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Joyce Meyer – One Good Choice After Another

 

Let your eyes look straight ahead; fix your gaze directly before you. — Proverbs 4:25 (NIV)

Adapted from the resource Trusting God Day by Day Devotional – by Joyce Meyer

Are you enjoying the life and blessings of God in your everyday life? Or have you made a series of choices resulting in disappointment, pain, or feeling that everything you do requires great effort and produces little reward? Don’t spend your time and energy mourning all the bad decisions you have made; just start making good ones. There is hope for you!

The way to overcome the results of a series of bad choices is through a series of right choices. The only way to walk out of trouble is to do the opposite of whatever you did to get into trouble—one choice at a time.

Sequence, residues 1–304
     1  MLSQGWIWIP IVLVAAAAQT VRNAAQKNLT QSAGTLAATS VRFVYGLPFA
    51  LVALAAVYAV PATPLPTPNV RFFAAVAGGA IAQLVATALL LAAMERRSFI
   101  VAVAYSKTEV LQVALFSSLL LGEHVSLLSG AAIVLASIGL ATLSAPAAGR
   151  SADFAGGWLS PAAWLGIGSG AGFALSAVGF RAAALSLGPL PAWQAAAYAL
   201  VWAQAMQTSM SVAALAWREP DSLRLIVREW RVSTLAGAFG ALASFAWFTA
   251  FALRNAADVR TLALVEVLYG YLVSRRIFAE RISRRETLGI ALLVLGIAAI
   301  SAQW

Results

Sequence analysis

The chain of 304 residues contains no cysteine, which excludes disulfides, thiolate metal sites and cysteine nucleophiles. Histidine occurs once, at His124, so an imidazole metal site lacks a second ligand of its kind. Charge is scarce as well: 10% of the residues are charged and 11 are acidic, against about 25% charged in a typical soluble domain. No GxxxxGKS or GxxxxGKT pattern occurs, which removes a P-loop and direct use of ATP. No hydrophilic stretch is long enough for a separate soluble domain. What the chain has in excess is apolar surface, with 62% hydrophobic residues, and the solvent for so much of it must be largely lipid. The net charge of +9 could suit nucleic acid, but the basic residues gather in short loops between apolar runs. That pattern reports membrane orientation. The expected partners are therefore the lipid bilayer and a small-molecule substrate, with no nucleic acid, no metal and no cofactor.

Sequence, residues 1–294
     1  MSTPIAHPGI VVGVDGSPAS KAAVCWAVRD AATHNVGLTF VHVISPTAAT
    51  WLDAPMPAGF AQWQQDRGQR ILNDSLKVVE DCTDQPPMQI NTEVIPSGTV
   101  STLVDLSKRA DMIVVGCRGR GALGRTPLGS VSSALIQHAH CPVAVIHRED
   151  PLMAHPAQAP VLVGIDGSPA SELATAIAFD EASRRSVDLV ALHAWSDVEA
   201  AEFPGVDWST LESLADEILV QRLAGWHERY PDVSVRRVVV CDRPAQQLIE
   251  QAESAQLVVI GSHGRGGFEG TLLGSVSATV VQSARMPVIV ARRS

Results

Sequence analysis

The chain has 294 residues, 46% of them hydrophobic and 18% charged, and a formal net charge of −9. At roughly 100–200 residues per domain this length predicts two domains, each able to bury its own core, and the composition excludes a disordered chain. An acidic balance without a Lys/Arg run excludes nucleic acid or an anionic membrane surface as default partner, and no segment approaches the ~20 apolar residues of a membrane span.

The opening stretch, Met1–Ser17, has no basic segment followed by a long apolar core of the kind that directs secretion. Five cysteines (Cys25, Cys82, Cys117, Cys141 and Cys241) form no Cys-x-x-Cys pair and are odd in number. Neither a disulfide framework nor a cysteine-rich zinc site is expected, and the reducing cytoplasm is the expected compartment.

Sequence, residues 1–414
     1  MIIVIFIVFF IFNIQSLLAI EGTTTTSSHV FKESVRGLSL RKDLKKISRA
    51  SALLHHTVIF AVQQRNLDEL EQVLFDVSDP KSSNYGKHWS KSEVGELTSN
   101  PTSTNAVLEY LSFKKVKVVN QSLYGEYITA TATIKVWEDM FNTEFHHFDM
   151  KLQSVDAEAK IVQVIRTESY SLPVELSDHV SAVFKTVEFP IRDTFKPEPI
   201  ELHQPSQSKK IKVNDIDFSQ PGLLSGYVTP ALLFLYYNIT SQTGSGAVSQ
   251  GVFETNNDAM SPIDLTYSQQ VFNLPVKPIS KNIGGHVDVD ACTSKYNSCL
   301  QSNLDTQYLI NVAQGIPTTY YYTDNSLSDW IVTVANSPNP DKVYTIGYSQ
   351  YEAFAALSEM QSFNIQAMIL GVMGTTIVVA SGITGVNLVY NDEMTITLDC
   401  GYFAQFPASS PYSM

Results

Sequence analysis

Maybe the circumstances of your life right now are the direct result of a series of bad choices you have made. You may be in debt because you have made a lot of bad choices with money. You may be lonely because of a series of bad choices in relationships or in the way you treat people. You may be sick because of a series of unhealthy choices: eating junk food, not getting enough rest, or abusing your body through working too much and not having enough balance in your life.

You cannot make a series of bad choices that result in significant problems and then make one good choice and expect all the results of all those bad choices to go away. You did not get into deep trouble through one bad choice; you got into trouble through a series of bad choices. If you really want your life to change for the better, you will need to make one good choice after another, over a period of time, just as consistently as you made the negative choices that produced negative results.

No matter what kind of trouble or difficulty you and yourself in, you can still have a blessed life. You cannot do anything about what is behind you, but you can do a great deal about what lies ahead of you. God is a redeemer, and He will always give you another chance.